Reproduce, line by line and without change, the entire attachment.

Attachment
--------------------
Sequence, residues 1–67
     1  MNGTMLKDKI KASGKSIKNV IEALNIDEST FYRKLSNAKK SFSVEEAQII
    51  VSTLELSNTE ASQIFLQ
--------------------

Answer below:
Sequence, residues 1–67
     1  MNGTMLKDKI KASGKSIKNV IEALNIDEST FYRKLSNAKK SFSVEEAQII
    51  VSTLELSNTE ASQIFLQ